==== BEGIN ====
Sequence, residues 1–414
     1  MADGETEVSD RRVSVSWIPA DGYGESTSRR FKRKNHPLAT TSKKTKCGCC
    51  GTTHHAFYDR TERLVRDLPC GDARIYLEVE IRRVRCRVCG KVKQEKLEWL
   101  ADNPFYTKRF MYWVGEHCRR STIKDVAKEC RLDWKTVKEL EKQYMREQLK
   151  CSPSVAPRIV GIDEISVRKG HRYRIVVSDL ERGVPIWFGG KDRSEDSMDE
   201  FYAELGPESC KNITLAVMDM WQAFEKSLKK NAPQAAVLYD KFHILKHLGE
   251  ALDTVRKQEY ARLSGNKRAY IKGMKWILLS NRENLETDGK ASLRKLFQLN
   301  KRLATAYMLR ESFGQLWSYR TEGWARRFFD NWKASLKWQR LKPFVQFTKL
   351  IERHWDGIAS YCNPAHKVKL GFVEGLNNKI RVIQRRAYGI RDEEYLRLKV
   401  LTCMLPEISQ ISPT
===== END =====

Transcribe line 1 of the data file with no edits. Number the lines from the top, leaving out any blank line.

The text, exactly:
Sequence, residues 1–414